If you land on the bare AnthroSource page, you can either re-search your article title at the top of the page or click HOME, then BROWSE JOURNALS then your journal title, then work your way into volume / issue / article title. A long route, but you get there.
Posted on May 4, 2009 @4:40 pm by irobb
So, what was the “new math” in 1810? Find out in NUMDAM (Numérisation de documents anciens mathématiques), a database of 50+ mathematical journals and seminars. The content is mostly French, but I am told there is English in there. Coverage runs from the 1800’s up to near Present (the most recent articles are only for subscribers). And if you have some relatively free time, you might want to look up Mr. A. Einstein’s “Théorie unitaire du champ physique” from 1930.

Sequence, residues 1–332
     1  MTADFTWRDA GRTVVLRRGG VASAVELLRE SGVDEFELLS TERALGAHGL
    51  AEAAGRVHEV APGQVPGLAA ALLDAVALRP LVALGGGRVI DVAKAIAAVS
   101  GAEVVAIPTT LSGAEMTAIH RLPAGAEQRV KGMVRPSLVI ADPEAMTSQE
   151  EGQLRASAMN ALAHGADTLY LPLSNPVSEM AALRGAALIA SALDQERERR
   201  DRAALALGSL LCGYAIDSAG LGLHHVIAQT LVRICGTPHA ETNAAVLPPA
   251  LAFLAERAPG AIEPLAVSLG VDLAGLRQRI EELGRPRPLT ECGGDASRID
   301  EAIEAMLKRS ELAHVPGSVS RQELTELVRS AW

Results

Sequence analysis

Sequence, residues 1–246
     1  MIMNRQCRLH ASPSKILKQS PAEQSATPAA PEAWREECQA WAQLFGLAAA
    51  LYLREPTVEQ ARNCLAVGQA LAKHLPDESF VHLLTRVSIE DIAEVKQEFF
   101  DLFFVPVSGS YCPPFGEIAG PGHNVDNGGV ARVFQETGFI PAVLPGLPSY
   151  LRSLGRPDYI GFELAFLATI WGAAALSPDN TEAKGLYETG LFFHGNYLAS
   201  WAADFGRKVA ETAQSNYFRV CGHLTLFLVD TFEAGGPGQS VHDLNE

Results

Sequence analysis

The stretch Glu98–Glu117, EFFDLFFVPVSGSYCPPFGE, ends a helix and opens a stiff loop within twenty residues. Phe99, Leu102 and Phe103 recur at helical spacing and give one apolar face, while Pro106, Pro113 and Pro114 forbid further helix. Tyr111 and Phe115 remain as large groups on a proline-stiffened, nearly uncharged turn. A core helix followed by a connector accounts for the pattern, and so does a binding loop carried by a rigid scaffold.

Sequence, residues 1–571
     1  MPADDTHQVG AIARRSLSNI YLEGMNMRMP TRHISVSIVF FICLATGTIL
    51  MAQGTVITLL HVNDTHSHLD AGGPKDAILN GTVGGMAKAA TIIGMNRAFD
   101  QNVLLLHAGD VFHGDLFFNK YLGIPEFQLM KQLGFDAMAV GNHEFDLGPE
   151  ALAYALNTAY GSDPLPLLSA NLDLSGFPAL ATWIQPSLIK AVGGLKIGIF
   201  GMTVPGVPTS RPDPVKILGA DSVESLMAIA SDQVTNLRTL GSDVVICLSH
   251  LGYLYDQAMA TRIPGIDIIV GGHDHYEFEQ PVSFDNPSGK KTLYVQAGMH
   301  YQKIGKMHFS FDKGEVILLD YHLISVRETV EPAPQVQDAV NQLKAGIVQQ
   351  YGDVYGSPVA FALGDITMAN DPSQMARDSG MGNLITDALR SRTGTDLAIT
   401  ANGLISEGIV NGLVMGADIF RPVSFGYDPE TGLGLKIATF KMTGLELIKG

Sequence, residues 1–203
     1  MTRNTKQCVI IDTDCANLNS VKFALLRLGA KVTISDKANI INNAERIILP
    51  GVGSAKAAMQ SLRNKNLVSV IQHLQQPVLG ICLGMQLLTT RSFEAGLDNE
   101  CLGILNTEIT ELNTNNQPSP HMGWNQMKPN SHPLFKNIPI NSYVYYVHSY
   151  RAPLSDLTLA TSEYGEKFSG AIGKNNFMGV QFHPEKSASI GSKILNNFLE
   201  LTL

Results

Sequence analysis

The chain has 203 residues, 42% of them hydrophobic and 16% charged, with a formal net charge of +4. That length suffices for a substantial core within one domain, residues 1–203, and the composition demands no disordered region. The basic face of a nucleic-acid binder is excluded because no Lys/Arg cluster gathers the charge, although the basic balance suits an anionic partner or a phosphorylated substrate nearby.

*CAUTION* Please do not try to view content with the DJVU links. Stick to .pdf for full text.1 Comment
Posted on April 17, 2009 @3:13 pm by irobb
sigh… The joy was short lived as the site seems to have a few quirks. We will try some experimentation to get this resolved. We are leaving the site up for now. Let us know if it gets too unstable. Stay tuned.
Previously… (more…)No Comments
Posted on April 14, 2009 @10:33 am by irobb
At last, ASM has restored our access to:
Thank you for your patience while we resolved this problem. Remember, if you ever have any questions or concerns about ANY eresource, you can email us at email@example.comNo Comments
Posted on April 8, 2009 @4:19 pm by irobb
Mostly, yes. If you want the full browser story from ebrary, visit here.
- you must use Java 1.6 or higher